Cold, damp weather can exacerbate Carpal Tunnel Syndrome (CTS).
Your hand hurts, and you find you can’t move it all of a sudden. The fingers might become swollen and rigid. The discomfort travels up your arm and maybe into your neck and shoulders.
These are a few symptoms of CTS, which affects 4 to 10 million Americans in and out of the workplace. CTS can be caused by genetics, lifestyle, work, etc., ultimately determining the treatment type. If you think you have Carpal Tunnel Syndrome, you should confirm this by visiting a medical specialist.
What is Carpal Tunnel Syndrome?
CTS is a painful, progressive disorder caused by increasing pressure on the median nerve, which runs from the forearm to the palm. The carpal tunnel is a channel of ligaments and bones at the base of the hand that houses the median nerve and tendons. The swelling puts pressure on the median nerve, resulting in pain and discomfort as the tendons thicken and become inflamed.
Carpal Tunnel Syndrome, Cold Weather, and Symptom Relief
Cold weather is known to aggravate nerve and joint discomfort and intensify the symptoms of some illnesses such as carpal tunnel syndrome and arthritis.
Furthermore, lower temperatures cause tissues and muscles to expand, putting additional pressure on the median nerve, which travels through the wrists and produces wrist discomfort associated with carpal tunnel syndrome.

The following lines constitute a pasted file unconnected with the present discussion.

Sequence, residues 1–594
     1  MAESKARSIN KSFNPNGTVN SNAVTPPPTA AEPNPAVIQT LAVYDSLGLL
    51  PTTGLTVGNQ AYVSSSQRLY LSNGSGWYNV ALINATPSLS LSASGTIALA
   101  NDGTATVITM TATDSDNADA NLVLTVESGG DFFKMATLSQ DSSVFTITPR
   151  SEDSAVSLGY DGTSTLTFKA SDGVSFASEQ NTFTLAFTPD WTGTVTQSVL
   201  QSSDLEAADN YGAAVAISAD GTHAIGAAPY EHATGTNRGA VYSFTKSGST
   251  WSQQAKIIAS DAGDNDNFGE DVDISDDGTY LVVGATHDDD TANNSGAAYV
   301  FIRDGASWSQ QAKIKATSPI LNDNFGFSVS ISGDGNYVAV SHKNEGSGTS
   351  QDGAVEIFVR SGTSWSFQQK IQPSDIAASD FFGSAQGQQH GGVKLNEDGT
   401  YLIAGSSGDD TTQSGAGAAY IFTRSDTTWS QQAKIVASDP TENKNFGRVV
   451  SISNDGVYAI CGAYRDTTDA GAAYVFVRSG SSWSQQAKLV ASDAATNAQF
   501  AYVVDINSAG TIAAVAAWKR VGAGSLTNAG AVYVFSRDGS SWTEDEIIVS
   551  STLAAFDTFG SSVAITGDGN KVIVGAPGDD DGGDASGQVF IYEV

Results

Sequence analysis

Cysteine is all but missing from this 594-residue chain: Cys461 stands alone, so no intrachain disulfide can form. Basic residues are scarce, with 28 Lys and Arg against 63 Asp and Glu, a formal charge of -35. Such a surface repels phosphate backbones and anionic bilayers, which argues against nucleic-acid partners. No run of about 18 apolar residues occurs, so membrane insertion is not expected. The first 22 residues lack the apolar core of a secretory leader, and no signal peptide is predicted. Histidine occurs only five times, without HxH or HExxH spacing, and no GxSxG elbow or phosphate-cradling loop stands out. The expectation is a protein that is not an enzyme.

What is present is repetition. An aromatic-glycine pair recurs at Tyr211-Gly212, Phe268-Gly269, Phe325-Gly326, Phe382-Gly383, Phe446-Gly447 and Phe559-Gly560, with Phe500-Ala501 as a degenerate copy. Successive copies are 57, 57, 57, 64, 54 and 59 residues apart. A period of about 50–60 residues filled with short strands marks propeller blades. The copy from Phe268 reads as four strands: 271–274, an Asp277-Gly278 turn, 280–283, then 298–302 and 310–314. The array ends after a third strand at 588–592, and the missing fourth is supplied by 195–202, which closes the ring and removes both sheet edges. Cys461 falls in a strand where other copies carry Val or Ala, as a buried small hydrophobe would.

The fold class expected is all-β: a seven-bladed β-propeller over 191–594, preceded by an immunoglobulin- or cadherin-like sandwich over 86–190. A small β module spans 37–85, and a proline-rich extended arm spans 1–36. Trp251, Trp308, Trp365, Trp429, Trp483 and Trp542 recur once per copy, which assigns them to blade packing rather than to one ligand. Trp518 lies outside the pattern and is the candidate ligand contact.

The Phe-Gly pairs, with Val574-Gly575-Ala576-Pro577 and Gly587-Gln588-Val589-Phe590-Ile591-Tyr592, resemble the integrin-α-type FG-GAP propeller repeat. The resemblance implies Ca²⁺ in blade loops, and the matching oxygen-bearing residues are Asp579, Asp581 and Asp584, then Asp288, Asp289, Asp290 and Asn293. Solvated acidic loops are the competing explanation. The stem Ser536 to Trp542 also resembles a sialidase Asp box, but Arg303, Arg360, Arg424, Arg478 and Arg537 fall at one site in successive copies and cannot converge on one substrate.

If you have exacerbated carpal tunnel symptoms due to the cold weather, here are some methods to help:
- When going outside, wear warm gloves or mittens.
- Move your hands, fingers, and wrists constantly to encourage good blood circulation.
- Use a supportive wrist brace while working on the computer or other repetitive tasks.
- Inform your employer of your condition so that they can supply ergonomics work equipment.
- Discuss any pain or discomfort you are experiencing with your doctor.
How Carpal Tunnel Syndrome is Treated
There are many non-medical “treatments” available that claim to help patients deal with CTS discomfort. Most of these treatments provide more placebo than comfort, which is why having an expert evaluate your hands is the best approach. The doctor will do a nerve conduction investigation to determine whether the median nerve is behind your discomfort.
While surgery is a possibility and may eventually be necessary, there are various primary therapies that a professional hand specialist may use to ease discomfort. A splint can keep the wrist straight and minimize inflammation; abstain from repetitive tasks that may be the source of discomfort; over-the-counter anti-inflammatories, such as ibuprofen, can help reduce pain and swelling; and physical therapy. Cortisone injections, which alleviate pain and inflammation, may also be advised.
Patients should consider surgery if nonsurgical therapy fails to relieve discomfort for six months or more.
We use our hands to brush our hair, put on makeup, shave, brush our teeth, play instruments, write, dine, work, clean, surf the web, shovel snow, garden, cook, type, play video games, ski, text, and use smartphones. Despite all these functions, humans tend to take their hand and wrist health for granted.
Stop tolerating hand and wrist discomfort by talking to us today at North Florida Hand and Wrist Center. We strive to help patients find the best carpal tunnel syndrome treatment and other conditions so they can live to the fullest. Our facility in Jacksonville, FL, is managed by our expert team, led by Dr. Richard D. Curtis and Dr. Jose Baez. Make an appointment today!